# Square root of people

How do you infer the economic well-being of individuals from household income? At one extreme, you could just divide household income by the number of people in the household. This is naive because there are some economies of scale. It doesn’t take twice as much energy to heat a house for two people as a house for one person, for example.

The other extreme is the two-can-live-as-cheaply-as-one philosophy. All that matters is household income; the number of people in the house is irrelevant. That’s too simplistic because while there are fixed costs to running a home, there are marginal costs per person.

So if you have a household of n people do you divide by the total income by n or by 1? Said another way, do you divide by n1 or n0? Some economists split the difference and use an exponent of 0.5, i.e. divide by the square root of n. This would say, for example, that the members of a family of four with a total income of \$100,000 have roughly the same standard of living as a single person with an income of \$50,000.

Dividing by √n is a crude solution. For one thing, it makes no distinction between adults and children. But for something so simple, it makes some sense. It makes more sense than dividing by n or not taking n into account.

## 9 thoughts on “Square root of people”

1. Eliot Ball

Perhaps this could be somehow linked to the ages of the people too, for example by summing their years and dividing by some nominal number of years. That’s too simple a suggestion but something more complicated along the same lines might work.

2. Seems like the economists could use data and statistics: fit a power curve to expenditures as a function of family size. You might find that a different exponent (like 0.7) fits the data better.

3. GlennF

I think that a priori all one can really say without measurement is that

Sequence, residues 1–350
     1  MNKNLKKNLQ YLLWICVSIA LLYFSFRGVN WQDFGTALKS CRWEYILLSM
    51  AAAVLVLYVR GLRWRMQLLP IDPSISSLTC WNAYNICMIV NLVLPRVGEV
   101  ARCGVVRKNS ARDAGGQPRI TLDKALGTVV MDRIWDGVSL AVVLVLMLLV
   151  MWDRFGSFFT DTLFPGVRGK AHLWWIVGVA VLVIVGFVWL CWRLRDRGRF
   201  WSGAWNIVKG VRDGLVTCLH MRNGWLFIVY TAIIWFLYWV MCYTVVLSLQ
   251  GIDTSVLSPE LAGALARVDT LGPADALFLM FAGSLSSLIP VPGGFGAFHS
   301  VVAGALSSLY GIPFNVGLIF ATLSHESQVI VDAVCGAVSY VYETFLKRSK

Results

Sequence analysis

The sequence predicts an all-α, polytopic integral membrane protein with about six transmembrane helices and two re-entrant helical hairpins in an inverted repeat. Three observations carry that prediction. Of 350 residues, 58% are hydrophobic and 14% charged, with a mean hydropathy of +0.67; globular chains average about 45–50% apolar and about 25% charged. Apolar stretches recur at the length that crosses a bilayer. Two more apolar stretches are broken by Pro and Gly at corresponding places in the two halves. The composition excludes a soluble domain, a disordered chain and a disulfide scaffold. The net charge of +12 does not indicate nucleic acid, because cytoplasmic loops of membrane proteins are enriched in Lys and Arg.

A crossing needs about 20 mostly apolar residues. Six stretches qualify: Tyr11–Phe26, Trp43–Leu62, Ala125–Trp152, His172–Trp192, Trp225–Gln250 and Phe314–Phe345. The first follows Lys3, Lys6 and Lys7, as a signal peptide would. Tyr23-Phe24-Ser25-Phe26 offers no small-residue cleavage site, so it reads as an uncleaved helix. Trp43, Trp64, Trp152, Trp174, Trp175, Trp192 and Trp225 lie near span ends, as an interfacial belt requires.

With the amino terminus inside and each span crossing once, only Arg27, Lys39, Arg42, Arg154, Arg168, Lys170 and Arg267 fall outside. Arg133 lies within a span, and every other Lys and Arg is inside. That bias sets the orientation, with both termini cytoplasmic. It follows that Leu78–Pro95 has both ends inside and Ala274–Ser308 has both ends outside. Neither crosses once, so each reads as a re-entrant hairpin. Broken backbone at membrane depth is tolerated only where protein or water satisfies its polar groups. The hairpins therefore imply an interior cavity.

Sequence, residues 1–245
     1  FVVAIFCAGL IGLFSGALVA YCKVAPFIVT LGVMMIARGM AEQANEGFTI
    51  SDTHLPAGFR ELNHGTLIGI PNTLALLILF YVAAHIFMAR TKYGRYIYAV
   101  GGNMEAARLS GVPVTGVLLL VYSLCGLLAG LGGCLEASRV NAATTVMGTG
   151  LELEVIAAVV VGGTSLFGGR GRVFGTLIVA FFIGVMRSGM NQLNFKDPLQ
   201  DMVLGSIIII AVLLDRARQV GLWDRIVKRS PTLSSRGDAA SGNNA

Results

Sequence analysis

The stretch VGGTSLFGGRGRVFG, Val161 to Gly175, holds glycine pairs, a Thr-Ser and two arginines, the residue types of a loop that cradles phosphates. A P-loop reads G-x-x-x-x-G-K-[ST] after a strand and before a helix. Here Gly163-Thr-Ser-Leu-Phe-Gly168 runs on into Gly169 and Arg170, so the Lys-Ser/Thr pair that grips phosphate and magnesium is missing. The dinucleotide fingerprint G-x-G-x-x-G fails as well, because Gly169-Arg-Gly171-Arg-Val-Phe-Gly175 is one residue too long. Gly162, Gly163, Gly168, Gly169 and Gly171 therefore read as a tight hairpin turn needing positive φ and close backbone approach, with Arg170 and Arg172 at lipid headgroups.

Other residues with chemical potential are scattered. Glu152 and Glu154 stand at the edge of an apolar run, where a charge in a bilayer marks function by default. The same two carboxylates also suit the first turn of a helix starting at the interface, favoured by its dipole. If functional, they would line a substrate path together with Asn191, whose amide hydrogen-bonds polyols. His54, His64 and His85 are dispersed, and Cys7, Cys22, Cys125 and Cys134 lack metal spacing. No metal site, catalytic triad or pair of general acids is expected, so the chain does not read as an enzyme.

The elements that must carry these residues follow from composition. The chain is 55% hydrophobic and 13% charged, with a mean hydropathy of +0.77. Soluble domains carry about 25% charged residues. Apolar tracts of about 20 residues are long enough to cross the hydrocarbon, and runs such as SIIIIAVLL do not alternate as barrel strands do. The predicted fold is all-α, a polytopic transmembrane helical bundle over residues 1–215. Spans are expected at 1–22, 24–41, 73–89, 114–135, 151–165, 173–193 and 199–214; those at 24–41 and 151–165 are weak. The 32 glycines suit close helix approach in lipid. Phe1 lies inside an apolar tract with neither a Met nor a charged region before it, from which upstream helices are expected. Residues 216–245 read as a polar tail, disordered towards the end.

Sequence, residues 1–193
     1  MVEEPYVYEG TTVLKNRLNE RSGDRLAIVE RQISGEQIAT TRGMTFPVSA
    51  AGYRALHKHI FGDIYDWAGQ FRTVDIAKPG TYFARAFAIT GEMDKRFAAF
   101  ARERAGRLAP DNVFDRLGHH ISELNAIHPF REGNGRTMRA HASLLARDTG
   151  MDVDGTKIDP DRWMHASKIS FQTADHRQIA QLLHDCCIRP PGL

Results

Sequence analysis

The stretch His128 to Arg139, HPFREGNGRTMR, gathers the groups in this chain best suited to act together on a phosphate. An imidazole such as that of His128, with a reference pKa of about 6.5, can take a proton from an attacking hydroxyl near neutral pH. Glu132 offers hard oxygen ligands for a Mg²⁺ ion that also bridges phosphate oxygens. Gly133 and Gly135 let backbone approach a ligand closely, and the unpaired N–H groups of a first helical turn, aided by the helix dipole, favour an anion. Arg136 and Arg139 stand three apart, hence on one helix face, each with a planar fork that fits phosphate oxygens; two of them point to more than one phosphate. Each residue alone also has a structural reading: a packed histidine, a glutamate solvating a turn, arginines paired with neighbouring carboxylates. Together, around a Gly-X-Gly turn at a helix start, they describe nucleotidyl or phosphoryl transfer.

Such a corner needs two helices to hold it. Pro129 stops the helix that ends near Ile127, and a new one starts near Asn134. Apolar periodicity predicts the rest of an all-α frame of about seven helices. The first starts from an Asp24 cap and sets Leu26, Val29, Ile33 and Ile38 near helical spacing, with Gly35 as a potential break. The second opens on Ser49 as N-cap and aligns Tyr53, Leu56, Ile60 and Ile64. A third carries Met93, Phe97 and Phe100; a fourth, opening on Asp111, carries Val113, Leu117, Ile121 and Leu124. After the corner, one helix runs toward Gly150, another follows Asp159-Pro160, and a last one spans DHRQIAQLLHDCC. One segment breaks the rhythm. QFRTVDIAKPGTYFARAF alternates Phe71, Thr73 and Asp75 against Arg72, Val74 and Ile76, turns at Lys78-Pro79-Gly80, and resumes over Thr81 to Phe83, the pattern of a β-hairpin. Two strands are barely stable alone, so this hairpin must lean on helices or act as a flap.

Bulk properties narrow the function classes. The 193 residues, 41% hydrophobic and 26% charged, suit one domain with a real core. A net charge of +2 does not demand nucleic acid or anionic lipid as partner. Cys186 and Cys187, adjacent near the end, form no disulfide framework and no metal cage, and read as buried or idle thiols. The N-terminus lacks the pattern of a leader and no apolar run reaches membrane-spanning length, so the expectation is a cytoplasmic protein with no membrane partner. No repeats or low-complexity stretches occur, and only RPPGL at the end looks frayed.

you need to divide by f(n) where f(n) is increasing, asymptotically linear and 1 <= f(n) =1 and f(1)=1. I would expect that e.g. the
form an + b n^0.5 + c where the coefficents are nonnegative and
a+b+c = 1 would be a fairly reasonable model, but that’s just a
stab at it.

4. Maybe using an exponent is the wrong approach altogether. It seems to me that this is a case where fixed and variable costs should be used. For example:

For a household with A adults and C children, let Va be the incremental cost of an adult, and Vc be the incremental cost for a child, while F is the fixed cost of maintaining the household. (We could make this model even simpler by not adjusting for adult/child status, but I leave it here to illustrate that this is an easy adjustment.)

A household like mine, with 3 adults and 2 children would have costs of F+3Va+2Vc

If you wanted to simplify things further, you could define a “single adult equivalent” (SAE), which would be some value equal to F+Va, we would then define Va and Vc to be some fraction of an SAE. For example, if we define Va = 0.7 SAE and Vc = 0.3 SAE, then for the family described above, we get costs of:

1 SAE + (3-1)*(0.7 SAE) + 2*(0.3 SAE) = 3 SAE

Now, you can divide income by SAE and have an idea of relative economic well-being – with fewer of the odd assumptions that roots bring in.

5. Ben: I think the problem with a more sophisticated model is that the ratio of fixed costs to variable costs can vary greatly depending on your circumstances. In the context of Burkhauser’s research, sqrt(n) sounds reasonable. If you were interested in a narrower segment of the population, a linear model like you suggest would make good sense.

6. John,

I would make the exact same argument (does not account for greatly varying circumstances) for using the fractional exponent, and I would add that there were bad assumptions made too!

I’d clearly need to know more about how Burkhauser is using the numbers, but I just have a hard time buying the argument that adding additional people to a household gets cheaper as you keep adding them. I don’t buy the argument that the second person adds .41 units of cost but the 5th only adds .2 units. I’ve spend some time quoting parts and unit price asymptotically approaches the variable cost, it doesn’t keep decreasing forever. Ultimately you can’t keep a person alive on \$0. Many people have a hard time seeing this because they don’t see that